From the Old Testament, the Presbyterians heard a message from Genesis, the story of Joseph. And the Lutherans were led to a passage from the 56th chapter of Isaiah, verse 1, and then verses 6-8.
Lundblad said she’d long told folks in the congregations where she was pastor that “when you see that comma,” indicating that some verses have been skipped over, “ask, `What didn’t they want us to hear? What was in the comma?’” In this case, “the eunuchs were in the comma.”
In those missing verses, Isaiah speaks of foreigners and of eunuchs, saying that those who hold fast to God’s covenant will be given a place in God’s house.
“Isaiah wanted us to see the eunuchs and the foreigners together in the same text,” Lundblad told the Covenant Network of Presbyterians, meeting at Westminster Church in Minneapolis on Nov. 6-8. “What Isaiah put together, let the Lutherans not put asunder.”
While she laced her remarks with humor, Lundblad was also making a serious point – and she knew she was speaking to a group of progressive Presbyterians who have worked for the past decade to try to push open the doors of the Presbyterian Church (U.S.A.) to allow the ordination of gays and lesbians.
Isaiah knew the prohibitions of his time – that those whose testicles had been crushed or penises cut off could not be admitted to the assembly of God. But he declared that eunuchs who kept God’s covenant and followed God’s laws would have a place in God’s house.
“The Holy Spirit did not wait for the New Testament,” Lundblad preached. “Isaiah dared to declare a new word, different from the word written down” in Deuteronomy. To be clear, there is no evidence the eunuch was gay, bisexual or transgendered – although “probably he was not a lesbian,” she quipped.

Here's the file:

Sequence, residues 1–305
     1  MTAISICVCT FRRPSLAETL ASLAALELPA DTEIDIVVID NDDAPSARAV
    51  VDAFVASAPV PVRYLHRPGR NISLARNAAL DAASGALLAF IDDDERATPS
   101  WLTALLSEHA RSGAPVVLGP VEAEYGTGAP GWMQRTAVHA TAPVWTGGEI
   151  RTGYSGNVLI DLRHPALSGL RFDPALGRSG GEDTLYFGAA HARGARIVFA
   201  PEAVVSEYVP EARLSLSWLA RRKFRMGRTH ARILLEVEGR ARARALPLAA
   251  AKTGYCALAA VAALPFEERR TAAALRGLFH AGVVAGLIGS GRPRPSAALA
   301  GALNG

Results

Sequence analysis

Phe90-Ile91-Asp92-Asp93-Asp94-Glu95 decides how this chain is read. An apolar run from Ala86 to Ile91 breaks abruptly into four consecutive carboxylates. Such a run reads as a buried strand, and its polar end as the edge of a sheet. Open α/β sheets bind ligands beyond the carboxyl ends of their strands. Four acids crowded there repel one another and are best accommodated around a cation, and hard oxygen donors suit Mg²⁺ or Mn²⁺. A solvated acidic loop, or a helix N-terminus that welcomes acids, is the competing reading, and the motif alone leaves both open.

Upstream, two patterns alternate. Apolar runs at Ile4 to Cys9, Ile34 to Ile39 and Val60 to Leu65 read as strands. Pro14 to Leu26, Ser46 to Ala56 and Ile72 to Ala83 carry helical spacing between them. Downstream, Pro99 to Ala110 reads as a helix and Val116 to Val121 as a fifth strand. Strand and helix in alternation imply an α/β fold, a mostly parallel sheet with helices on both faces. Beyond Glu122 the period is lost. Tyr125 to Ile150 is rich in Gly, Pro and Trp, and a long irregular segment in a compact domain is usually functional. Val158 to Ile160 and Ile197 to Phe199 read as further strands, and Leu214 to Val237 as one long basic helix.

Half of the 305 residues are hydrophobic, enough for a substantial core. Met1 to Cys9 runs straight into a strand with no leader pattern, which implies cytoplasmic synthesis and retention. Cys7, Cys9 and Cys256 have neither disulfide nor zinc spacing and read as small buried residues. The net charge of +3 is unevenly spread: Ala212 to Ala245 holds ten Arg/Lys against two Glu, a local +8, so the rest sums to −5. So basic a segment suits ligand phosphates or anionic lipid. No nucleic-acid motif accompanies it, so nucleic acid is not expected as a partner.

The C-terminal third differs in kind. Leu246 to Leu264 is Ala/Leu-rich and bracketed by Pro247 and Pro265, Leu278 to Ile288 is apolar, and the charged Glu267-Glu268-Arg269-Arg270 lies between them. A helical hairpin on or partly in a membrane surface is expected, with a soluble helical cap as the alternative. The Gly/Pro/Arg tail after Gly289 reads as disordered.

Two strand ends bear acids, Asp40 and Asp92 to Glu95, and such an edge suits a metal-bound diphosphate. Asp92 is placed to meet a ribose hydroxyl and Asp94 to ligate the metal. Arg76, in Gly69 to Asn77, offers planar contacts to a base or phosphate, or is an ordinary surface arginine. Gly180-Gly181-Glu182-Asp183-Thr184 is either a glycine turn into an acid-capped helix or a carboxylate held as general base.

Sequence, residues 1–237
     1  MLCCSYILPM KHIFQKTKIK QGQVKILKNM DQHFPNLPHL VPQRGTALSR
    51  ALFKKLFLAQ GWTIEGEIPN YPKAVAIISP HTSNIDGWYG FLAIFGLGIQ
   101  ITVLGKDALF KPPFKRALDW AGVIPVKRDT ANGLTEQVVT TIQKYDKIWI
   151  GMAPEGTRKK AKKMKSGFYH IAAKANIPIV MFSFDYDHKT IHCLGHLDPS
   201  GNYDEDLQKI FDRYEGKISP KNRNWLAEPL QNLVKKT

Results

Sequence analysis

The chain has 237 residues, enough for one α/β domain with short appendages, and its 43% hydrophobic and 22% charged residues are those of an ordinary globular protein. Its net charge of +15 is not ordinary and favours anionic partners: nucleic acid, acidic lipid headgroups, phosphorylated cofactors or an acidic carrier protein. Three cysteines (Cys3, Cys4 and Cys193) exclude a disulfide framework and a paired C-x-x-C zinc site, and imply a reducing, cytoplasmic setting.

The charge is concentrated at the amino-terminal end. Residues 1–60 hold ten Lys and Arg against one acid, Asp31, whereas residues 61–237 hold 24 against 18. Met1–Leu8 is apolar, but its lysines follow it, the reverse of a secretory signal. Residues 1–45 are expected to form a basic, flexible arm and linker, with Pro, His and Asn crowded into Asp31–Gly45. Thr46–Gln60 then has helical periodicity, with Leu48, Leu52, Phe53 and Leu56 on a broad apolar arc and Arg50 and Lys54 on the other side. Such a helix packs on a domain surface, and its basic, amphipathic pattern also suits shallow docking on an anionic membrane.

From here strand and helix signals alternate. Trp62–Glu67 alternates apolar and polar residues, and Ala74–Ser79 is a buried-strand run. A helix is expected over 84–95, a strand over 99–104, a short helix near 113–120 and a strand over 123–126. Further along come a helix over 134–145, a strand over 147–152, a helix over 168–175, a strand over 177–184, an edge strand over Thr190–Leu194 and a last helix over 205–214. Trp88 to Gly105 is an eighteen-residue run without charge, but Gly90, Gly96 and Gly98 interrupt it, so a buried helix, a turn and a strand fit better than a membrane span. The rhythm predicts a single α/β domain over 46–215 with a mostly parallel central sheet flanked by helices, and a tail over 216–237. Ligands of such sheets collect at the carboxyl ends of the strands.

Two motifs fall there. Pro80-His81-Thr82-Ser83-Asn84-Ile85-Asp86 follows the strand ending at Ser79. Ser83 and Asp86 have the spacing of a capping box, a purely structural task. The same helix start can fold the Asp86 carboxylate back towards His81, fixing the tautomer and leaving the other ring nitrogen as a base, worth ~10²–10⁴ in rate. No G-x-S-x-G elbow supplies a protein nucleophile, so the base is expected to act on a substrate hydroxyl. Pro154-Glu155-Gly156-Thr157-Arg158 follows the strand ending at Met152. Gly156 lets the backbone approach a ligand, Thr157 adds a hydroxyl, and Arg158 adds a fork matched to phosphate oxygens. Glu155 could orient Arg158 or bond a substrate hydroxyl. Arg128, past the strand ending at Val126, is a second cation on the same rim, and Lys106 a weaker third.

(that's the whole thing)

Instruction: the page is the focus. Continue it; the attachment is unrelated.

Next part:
But there are similarities between the eunuch’s life and others who are judged based on gender identity, Lundblad said. A eunuch would be seen as “sexually other,” no matter if he has a powerful position in the military or in the king’s court, no matter what his accomplishments.
This passage indicates that God made room for the eunuchs, because of their faithfulness, and that “God violates Torah for the sake of relationship,” because the eunuchs kept the covenant, Lundblad said. Today, we often speak of gays and lesbians as though “anything goes” for them – characterizing whole categories of people (“Heterosexuality is good, homosexuality is bad”) even though “categories alone can never bear the weight of moral discernment.”
Fidelity is an issue for both gays and straights, she said. And to those who contend that for the church to allow gays and lesbians into ordained leadership would violate 2,000 years of Christian teachings, she says: “Longevity of tradition does not ensure its faithfulness. It is possible to be wrong for a long time. Even Jesus discovered that,” when he encountered the Canaanite woman, as described in the 15th chapter of Matthew’s gospel.
At first, Jesus refused to help her, even insulting her. But she challenged him – saying that even dogs are allowed to eat the crumbs that fall from the master’s table – and he was swayed, in the end, by her faithfulness, and healed her daughter.
“If Jesus could be changed,” Lundblad asked, “why not the church?”
In truth, “many people here have been given crumbs for a long time, and you’ve been told to be satisfied, just wait a little longer,” she said. “I’ve been told that too. Many of us, myself included, we have lived in the comma, where we don’t dare to be ourselves unless we be kicked out.”
But we have seen gays and lesbians living faithful lives, in big cities and small towns, Lundblad said, “people whose committed relationships have lasted a lifetime, hopefully blessed by the church even when the state refuses. I see it. So have you.”
And now, in receiving communion, “we will receive a piece of bread, no bigger than a crumb. But we believe it is the bread of life. And that makes all the difference, forever.”
In other words: We are faithful, and we are welcome in the house of God.